So as I run, I’ll run thankful for the service of the men I call brothers, and for the countless others that serve with pride and dignity, and for all of their sacrifices.

If you’d like to ‘tune in’ and watch my run, you can see it live on RunKeeper Sunday morning starting about 0715 hours CDT.

Categories: Life Tags:

Happy National Running Day!

June 1st, 2011 Comments off

I run because I am happy… I run because I am … la la la la la laaaaa.

I don’t think a year ago that I would be celebrating National Running Day by getting up early and getting in 2.64 miles in 34 minutes. But I did. These next couple of week will be fun, as I have a 5k run on Saturday night (June 4th Firefly Run) and then the following weekend a 10k run Sunday Morning (Wounded Warrior). So the training continues, as does the diet (after a 1 week hiatus where I needed to go up to maintenance because things just weren’t working, and I was stressing about it too much.)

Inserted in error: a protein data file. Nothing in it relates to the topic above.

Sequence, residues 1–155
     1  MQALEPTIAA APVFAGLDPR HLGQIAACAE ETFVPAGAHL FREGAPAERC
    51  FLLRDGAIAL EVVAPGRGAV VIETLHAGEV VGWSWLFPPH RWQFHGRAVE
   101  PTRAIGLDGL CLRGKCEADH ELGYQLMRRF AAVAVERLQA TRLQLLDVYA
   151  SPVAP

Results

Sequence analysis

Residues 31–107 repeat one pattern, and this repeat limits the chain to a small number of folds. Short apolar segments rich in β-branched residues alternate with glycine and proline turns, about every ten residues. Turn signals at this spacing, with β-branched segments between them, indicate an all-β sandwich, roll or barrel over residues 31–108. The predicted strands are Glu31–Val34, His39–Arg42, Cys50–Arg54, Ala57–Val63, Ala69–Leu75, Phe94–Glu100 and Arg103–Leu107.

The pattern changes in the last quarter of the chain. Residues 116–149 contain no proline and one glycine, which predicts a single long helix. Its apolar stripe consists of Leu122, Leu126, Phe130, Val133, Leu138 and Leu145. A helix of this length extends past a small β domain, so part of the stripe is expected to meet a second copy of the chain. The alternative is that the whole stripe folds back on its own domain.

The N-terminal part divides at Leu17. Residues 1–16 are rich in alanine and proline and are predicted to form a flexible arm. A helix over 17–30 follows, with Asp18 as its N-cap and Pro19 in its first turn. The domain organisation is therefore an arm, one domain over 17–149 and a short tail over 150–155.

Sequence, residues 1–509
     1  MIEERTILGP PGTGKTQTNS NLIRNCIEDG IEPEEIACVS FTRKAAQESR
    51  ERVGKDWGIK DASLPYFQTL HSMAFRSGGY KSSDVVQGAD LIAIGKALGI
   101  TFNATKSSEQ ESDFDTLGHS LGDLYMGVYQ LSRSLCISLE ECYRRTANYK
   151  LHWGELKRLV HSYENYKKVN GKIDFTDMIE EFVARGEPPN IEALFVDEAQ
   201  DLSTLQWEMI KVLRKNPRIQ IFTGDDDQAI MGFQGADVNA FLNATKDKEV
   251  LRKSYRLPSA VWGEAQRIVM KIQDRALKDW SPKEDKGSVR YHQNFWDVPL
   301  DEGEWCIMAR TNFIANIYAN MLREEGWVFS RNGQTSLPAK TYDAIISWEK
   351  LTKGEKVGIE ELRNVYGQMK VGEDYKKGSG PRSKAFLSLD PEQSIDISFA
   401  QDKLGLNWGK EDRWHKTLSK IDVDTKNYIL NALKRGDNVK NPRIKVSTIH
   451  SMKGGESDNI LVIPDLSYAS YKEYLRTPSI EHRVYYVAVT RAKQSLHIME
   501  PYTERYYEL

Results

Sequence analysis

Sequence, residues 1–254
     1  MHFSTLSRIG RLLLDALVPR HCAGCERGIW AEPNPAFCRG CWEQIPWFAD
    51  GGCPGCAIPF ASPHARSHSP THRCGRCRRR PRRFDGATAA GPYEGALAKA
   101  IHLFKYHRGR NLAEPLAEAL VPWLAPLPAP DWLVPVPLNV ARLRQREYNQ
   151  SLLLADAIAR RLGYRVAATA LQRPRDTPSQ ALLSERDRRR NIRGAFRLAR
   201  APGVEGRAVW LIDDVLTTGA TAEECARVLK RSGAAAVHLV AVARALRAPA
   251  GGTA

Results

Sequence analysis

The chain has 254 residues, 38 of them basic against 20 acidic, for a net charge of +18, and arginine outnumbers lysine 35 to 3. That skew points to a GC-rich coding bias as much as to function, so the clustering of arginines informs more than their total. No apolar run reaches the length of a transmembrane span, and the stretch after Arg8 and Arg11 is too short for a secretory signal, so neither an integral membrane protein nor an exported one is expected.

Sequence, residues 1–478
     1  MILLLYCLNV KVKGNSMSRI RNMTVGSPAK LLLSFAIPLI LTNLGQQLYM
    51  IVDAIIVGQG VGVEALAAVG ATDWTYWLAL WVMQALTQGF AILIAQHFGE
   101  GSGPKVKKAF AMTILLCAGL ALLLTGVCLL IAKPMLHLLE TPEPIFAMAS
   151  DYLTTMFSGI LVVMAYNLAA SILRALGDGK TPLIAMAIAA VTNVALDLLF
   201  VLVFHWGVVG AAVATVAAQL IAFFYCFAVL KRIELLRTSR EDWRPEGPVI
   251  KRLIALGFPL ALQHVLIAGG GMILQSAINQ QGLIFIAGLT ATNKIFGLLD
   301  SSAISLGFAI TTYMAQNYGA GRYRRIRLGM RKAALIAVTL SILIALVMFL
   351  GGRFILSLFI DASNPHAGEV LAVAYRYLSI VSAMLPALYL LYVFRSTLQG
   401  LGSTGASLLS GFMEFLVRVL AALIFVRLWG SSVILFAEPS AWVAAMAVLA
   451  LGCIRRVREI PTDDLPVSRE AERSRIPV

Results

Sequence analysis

What I learned on maintenance, is that really bad food choices while staying at maintenance calories don’t have a horrible effect on the scale. Which is a good lesson to learn. A better lesson to learn is to make better food choices and still eat at maintenance (where the higher calorie budget made me think, “Hey, cheeseburgers are really yummy!”). Still it was good to put a week of “I don’t really care” under my belt, and still not have 20 kazillion pounds to burn back off. The last half of May was just a train wreck, so I’m looking forward to starting a new month with a new happier attitude.